Time filter

Source Type

Vilafranca del Penedès, Spain

Chen Y.-P.,CAS Institute of High Energy Physics | Zhang S.,CAS Institute of High Energy Physics | Torres D.F.,Catalan Institution for Research and Advanced Studies | Zhang S.-N.,CAS Institute of High Energy Physics | And 4 more authors.
Astronomy and Astrophysics | Year: 2011

Context. The 2008 outburst of the atoll source IGR J17473-2721 was observed by INTEGRAL, RXTE and Swift. Tens of type-I X-ray bursts were found in this outburst. Aims. Joint observations by INTEGRAL, RXTE, and Swift provide sufficient data to look into the behavior of IGR J17473-2721 at the rising part of the 2008 outburst. The relation between the duration of the bursts and the accretion rate and the nature of the corona producing the observed power-law component can therefore be studied in detail. Methods. We analyze observational data of IGR J17473-2721, focusing on the spectral evolution during the state transition from quiescent to low hard state (LHS), and on the flux dependence of the type-I X-ray bursts along the outburst. Results. We find that the joint INTEGRAL, RXTE and Swift energy spectrum can be well fitted with a model composed of a blackbody and a cutoff power-law, with a cutoff energy decreasing from ∼150 keV to ∼40 keV as the source leaves the quiescent state toward the low hard state. This fits into a scenario in which the corona is cooled by the soft X-rays along the outburst evolution, as observed in several other atoll sources. Fifty-seven type-I bursts were reported in the 2008 outburst of IGR J17473-2721. By using the flux measured in the 1.5-30 keV band, we find that the linear relationship between the burst duration and the flux still holds for those bursts that occur at the decaying part of the low hard state, but with a different slope than the overall one that was estimated with the bursts happening in the whole extent of, and for the rest of the low hard state. The significance of such a dichotomy in the type-I X-ray bursts is ∼3σ under an F-test. Similar results are hinted at as well with the broader energy-band that was adopted recently. This dichotomy may be understood in a scenario where part of the accreting material forms a corona on the way of falling onto the surface of the neutron star during the decaying part of the low hard state.Based on the accretion rates of the preceding LHS, estimated from type-I X-ray bursts and from persistent emission, at least for IGR J17473-2721, most of the accretion material may fall on the neutron star (NS) surface in the LHS. Considering the burst behavior in the context of the outburst indicates a corona formed on top of the disk rather than on the NS surface. © 2011 ESO. Source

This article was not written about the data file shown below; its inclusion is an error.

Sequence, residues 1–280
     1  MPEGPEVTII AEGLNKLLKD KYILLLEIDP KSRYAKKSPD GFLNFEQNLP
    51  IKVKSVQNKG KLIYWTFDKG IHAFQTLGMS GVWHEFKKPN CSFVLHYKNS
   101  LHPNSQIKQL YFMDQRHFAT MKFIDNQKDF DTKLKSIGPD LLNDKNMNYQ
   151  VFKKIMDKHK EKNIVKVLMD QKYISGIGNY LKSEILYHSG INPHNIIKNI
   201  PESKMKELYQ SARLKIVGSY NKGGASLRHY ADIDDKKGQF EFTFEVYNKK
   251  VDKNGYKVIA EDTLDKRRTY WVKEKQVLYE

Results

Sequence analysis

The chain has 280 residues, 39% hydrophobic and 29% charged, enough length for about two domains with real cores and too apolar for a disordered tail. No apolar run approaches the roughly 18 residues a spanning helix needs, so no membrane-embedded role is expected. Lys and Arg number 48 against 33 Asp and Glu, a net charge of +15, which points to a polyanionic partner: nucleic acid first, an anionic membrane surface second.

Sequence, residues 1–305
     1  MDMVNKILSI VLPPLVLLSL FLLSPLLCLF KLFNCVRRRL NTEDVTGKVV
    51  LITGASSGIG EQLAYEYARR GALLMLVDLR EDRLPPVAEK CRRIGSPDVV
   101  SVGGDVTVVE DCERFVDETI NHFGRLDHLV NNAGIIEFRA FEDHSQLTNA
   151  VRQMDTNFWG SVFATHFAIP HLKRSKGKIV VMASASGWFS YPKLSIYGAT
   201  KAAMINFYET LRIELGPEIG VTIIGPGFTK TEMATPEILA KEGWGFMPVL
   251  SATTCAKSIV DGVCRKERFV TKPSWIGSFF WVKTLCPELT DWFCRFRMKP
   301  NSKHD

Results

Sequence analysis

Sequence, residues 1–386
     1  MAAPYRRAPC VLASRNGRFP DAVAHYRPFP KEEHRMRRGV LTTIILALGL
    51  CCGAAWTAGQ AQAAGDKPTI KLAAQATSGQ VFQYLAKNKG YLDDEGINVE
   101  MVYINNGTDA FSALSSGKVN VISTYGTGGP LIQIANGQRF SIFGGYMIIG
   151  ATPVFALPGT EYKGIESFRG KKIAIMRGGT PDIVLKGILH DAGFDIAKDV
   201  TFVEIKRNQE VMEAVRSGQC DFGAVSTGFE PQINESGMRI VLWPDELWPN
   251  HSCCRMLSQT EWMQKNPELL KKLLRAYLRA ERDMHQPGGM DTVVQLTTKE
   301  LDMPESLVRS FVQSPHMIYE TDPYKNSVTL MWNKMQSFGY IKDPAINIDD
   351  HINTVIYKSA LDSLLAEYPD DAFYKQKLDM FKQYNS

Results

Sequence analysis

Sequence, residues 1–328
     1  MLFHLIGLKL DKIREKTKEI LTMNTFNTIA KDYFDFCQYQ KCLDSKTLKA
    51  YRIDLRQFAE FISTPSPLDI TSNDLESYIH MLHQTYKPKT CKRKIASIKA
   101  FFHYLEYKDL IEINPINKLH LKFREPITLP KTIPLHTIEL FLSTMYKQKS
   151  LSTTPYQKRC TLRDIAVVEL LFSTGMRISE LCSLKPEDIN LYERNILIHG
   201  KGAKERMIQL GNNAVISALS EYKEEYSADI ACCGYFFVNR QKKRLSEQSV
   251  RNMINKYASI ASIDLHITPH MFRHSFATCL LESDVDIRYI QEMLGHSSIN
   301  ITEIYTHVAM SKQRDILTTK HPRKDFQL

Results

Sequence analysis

Degenaar N.,University of Amsterdam | Degenaar N.,University of Michigan | Wijnands R.,University of Amsterdam | Cackett E.M.,University of Cambridge | And 5 more authors.
Astronomy and Astrophysics | Year: 2012

We report on the results of a four-year long X-ray monitoring campaign of the central 1.2 square degrees of our Galaxy, performed with Chandra and XMM-Newton between 2005 and 2008. Our study focuses on the properties of transient X-ray sources that reach 2-10 keV luminosities of L X ≳ 10 34 erg s -1 for an assumed distance of 8 kpc. There are 17 known X-ray transients within the field of view of our campaign, eight of which were detected in outburst during our observations: the transient neutron star low-mass X-ray binaries GRS 1741-2853, AX J1745.6-2901, SAX J1747.0-2853, KS 1741-293 (all four are also known X-ray bursters), and GRO J1744-28 (a 2.1 Hz X-ray pulsar), and the unclassified X-ray transients XMM J174457-2850.3, CXOGC J174535.5-290124 and CXOGC J174541.0-290014. We present their X-ray spectra and flux evolution during our campaign, and discuss our results in light of their historic activity. Our main results include the detection of two thermonuclear X-ray bursts from SAX J1747.0-2853 that were separated by an unusually short time interval of 3.8 min. Investigation of the lightcurves of AX J1745.6-2901 revealed one thermonuclear X-ray burst and a ∼1600-s long X-ray eclipse. We found that both XMM J174457-2850.3 and GRO J1744-28 displayed weak X-ray activity above their quiescent levels at L X ∼ 10 33-34 erg s -1, which is indicative of low-level accretion. We compare this kind of activity with the behaviour of low-luminosity X-ray transients that display 2-10 keV peak luminosities of L X ∼ 10 34 erg s -1 and have never been seen to become brighter. In addition to the eight known X-ray transients, we discovered a previously unknown X-ray source that we designate XMMU J174654.1-291542. This object emits most of its photons above 2 keV and appears to be persistent at a luminosity of L X ∼ 10 34 erg s -1, although it exhibits strong spectral variability on a time scale of months. Based on its X-ray properties and the possible association with an infrared source, we tentatively classify this object as a cataclysmic variable. No new transients were found during our campaign, reinforcing the conclusion of previous authors that most X-ray transients recurring on a time scale of less than a decade have now been identified near the Galactic centre. © ESO, 2012. Source